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Disclaimer: this page is not written from the point of view of a Blue Oyster Cult fanatic and is not generally intended for narrow-perspective Blue Oyster Cult fanatics. If you are deeply offended by criticism, non-worshipping approach to your favourite artist, or opinions that do not match your own, do not read any further. If you are not, please consult the guidelines for sending your comments before doing so. For information on reviewing principles, please see the introduction. For specific non-comment-related questions, consult the message board.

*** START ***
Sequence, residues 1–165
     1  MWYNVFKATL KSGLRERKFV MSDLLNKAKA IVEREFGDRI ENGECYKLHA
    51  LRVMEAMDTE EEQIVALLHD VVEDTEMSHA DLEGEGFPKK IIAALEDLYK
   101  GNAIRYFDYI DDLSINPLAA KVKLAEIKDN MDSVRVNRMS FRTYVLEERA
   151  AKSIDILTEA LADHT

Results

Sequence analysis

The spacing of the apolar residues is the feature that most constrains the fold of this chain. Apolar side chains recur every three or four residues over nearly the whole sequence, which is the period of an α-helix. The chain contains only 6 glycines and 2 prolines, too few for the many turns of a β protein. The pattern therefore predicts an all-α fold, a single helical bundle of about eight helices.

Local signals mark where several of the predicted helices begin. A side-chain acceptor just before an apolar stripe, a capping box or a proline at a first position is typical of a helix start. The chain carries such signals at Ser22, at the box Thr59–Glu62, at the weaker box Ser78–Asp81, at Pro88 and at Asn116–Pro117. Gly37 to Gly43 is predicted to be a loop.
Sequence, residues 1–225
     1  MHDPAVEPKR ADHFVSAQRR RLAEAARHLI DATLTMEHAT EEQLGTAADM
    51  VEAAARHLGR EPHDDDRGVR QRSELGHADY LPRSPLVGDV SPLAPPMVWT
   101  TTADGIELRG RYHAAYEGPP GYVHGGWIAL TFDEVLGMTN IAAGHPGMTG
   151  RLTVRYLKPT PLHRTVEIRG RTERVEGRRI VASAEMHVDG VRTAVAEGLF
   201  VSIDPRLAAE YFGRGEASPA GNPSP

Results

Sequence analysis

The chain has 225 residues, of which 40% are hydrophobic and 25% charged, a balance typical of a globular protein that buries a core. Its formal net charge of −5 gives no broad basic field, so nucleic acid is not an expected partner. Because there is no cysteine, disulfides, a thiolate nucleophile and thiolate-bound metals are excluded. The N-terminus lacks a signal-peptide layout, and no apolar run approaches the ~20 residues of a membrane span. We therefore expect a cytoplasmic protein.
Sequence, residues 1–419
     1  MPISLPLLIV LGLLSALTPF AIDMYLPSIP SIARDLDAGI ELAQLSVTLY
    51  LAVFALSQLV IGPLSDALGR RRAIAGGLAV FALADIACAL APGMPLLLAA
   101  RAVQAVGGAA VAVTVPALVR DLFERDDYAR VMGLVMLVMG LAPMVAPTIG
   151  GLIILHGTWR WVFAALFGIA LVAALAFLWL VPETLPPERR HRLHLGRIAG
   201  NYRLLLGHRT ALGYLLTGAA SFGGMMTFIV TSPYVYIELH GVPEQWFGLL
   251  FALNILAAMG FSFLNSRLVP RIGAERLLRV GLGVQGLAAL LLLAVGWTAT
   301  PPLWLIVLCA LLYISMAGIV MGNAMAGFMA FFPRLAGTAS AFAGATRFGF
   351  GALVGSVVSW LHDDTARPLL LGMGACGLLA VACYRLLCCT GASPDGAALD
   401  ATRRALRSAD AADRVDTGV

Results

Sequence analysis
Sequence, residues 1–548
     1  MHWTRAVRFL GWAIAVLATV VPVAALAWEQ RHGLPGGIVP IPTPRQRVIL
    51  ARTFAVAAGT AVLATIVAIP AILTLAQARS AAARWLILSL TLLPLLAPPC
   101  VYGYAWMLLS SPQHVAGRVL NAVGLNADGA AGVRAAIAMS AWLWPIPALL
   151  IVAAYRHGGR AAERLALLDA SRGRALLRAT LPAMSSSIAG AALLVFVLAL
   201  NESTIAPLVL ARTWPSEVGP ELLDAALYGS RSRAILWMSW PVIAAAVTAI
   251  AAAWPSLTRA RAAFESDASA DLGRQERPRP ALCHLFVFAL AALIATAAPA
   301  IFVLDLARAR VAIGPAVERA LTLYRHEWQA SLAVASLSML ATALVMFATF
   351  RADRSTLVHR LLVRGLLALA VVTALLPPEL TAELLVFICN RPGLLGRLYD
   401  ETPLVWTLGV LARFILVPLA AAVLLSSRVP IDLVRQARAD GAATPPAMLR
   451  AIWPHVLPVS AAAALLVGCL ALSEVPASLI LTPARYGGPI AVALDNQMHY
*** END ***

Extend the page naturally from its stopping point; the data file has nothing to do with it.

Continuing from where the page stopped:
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READER COMMENTS SECTION
Year Of Release: 1972
Overall rating = 12
Rock'n'roll has never been so disgustingly, masochistically - sweetly masochistically! - "intellectual" as it was here.Best song: CITIES ON FLAME WITH ROCK'N'ROLL
Track listing: 1) Transmaniacon MC; 2) I'm On The Lamb But I Ain't No Sheep; 3) Then Came The Last Days Of May; 4) Stairway To The Stars; 5) Before The Kiss, A Redcap; 6) Screams; 07) She's As Beautiful As A Foot; 8) Cities On Flame With Rock And Roll; 9) Workshop Of The Telescopes; 10) Redeemed.